Sanford Women’s Performs Single-Incision Robotic Hysterectomy
Sioux Falls, S.D. – Sanford Women’s is now performing single-incision robotic hysterectomies. The surgery is performed through a tiny incision in the belly button, making the procedure virtually scarless.
The instrumentation allows the surgeon to remove the uterus, fallopian tubes and ovaries through one small incision. In addition to a minimal scar that is often hidden by the belly button, the benefits of this surgical procedure may include shorter hospital stay, faster recovery and less pain. Previous robotic surgeries required up to four incisions.
Sanford gynecologic surgeons Laurie Landeen, MD and Erica Schipper, MD are the first in the state trained to perform this innovative procedure using the latest technology available, da Vinci® Single-Site™ robotic surgery system. Sanford is among the first hospitals in the Midwest to offer the surgery.
“Women no longer have to worry about significant scars and missing weeks of work,” said Dr. Schipper. “Most patients go home the next day and have to take little more than ibuprofen for the pain. They resume normal activities within a couple of weeks.”
The technology used to perform the procedure was approved by the FDA in 2011, with approval for use in benign hysterectomy and salpingo-oophorectomy (fallopian tubes and ovaries) granted in February 2013.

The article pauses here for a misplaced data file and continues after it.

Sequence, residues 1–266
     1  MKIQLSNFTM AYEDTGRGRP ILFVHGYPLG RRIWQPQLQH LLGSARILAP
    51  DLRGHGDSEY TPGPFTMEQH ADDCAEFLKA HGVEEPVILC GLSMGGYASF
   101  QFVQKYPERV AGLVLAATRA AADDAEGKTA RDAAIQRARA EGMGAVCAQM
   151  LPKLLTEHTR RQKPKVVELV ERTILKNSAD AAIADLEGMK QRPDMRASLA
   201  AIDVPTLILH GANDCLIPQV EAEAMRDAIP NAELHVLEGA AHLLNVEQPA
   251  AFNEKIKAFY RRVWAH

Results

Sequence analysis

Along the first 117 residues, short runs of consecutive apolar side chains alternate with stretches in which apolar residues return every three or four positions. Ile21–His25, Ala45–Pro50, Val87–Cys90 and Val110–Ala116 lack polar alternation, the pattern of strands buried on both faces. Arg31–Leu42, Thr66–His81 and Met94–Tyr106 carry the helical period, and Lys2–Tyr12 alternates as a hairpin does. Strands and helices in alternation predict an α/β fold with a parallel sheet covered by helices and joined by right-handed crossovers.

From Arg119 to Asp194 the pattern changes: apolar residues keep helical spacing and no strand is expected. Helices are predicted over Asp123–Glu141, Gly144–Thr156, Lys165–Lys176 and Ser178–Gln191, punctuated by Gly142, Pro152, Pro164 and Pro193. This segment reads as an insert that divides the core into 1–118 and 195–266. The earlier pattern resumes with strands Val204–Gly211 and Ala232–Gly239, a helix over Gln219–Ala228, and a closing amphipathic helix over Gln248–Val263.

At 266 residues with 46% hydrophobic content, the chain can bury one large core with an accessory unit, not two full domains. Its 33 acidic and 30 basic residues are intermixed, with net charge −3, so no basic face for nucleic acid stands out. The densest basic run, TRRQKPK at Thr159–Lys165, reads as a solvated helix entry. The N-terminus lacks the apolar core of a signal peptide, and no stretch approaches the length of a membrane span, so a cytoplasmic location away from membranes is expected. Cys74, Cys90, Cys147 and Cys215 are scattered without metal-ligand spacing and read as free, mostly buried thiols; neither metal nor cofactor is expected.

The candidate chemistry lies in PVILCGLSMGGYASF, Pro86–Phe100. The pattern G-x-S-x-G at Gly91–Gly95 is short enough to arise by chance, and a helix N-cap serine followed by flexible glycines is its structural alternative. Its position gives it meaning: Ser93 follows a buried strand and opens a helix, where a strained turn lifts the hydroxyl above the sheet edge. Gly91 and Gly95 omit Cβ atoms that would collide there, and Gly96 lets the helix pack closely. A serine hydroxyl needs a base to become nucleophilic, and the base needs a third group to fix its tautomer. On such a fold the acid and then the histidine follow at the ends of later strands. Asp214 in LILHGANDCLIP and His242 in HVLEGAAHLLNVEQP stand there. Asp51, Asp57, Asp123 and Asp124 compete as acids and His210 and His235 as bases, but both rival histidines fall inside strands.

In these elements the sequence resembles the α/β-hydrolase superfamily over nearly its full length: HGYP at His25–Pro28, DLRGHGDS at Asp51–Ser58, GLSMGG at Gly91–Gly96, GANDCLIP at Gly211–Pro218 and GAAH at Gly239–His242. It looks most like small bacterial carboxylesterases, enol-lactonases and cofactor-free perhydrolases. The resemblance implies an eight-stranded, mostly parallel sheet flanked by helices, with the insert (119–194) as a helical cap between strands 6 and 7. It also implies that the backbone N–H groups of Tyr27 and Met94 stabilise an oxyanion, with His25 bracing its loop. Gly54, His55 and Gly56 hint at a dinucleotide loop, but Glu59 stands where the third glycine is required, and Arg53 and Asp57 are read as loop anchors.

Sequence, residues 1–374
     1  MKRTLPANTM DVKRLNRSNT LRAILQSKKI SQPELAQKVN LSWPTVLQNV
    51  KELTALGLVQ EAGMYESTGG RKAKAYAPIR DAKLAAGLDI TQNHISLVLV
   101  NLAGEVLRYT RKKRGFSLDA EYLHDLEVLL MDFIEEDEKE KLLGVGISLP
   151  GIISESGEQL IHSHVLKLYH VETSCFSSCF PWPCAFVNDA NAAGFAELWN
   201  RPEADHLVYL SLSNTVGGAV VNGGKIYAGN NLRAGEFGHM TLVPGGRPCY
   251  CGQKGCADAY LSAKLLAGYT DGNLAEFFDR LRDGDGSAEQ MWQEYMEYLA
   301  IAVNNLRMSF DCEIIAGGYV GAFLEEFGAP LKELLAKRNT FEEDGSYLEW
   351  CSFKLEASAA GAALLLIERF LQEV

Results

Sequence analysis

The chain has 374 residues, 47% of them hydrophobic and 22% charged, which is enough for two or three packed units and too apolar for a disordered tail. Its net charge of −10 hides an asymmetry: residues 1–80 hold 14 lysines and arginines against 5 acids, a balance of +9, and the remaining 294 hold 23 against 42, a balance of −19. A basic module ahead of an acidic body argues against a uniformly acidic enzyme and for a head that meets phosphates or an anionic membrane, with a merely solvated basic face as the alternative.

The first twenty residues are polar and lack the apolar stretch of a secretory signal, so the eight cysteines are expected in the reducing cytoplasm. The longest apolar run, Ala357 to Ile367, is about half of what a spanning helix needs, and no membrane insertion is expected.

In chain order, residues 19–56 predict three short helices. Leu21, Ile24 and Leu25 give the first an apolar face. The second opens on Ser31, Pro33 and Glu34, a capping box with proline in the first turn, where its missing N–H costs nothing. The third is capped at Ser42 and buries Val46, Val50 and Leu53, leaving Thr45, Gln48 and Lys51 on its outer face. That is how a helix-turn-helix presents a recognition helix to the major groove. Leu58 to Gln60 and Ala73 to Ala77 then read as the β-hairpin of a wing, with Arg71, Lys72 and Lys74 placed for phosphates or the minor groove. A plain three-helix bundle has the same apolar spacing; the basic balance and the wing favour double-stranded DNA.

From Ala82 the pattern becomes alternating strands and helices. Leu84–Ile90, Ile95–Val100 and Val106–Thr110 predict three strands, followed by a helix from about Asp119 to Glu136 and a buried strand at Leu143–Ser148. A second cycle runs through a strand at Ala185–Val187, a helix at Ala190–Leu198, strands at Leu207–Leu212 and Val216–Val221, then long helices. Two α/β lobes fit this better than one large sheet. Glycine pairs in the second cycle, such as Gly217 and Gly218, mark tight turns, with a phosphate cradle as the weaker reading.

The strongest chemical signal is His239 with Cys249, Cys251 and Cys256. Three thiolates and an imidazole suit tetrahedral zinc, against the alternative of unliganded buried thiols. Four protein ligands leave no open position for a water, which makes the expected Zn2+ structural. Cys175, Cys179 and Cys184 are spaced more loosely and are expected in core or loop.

“We are proud to be the first in the state to offer our patients a single-incision hysterectomy,” said Paul Hanson, president Sanford USD Medical Center. “It demonstrates our commitment to offering women the most advanced, minimally-invasive surgical options.”
For the procedure, a surgeon makes an incision less than an inch in length in the patient’s belly button. This allows a port, or tube, to be placed in the opening. Through this port, the robot’s camera and robotic arms are moved into the patient’s abdomen.
The surgeon then sits at a console, viewing 3-D, high-definition images, while using controls to move robotic arms and instruments inside the patient’s body. The system translates the surgeon’s hand, wrist and finger movements into precise, real-time movements of the surgical instruments.
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Posted in: News Briefs | December 9, 2013
Posted in: News Briefs | December 3, 2014